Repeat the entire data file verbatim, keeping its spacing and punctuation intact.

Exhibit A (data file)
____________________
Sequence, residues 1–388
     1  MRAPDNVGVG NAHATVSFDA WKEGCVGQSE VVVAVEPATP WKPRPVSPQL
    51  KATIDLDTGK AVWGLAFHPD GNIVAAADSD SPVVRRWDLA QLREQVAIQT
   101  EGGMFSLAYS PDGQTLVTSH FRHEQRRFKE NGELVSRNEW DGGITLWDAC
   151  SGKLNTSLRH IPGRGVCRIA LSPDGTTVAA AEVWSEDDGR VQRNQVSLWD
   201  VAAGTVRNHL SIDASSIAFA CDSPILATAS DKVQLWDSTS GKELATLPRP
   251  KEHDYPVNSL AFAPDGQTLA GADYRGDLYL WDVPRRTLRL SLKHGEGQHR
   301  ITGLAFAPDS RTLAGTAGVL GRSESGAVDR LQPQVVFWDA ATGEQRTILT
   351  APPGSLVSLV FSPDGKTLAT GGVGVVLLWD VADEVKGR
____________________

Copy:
Sequence, residues 1–388
     1  MRAPDNVGVG NAHATVSFDA WKEGCVGQSE VVVAVEPATP WKPRPVSPQL
    51  KATIDLDTGK AVWGLAFHPD GNIVAAADSD SPVVRRWDLA QLREQVAIQT
   101  EGGMFSLAYS PDGQTLVTSH FRHEQRRFKE NGELVSRNEW DGGITLWDAC
   151  SGKLNTSLRH IPGRGVCRIA LSPDGTTVAA AEVWSEDDGR VQRNQVSLWD
   201  VAAGTVRNHL SIDASSIAFA CDSPILATAS DKVQLWDSTS GKELATLPRP
   251  KEHDYPVNSL AFAPDGQTLA GADYRGDLYL WDVPRRTLRL SLKHGEGQHR
   301  ITGLAFAPDS RTLAGTAGVL GRSESGAVDR LQPQVVFWDA ATGEQRTILT
   351  APPGSLVSLV FSPDGKTLAT GGVGVVLLWD VADEVKGR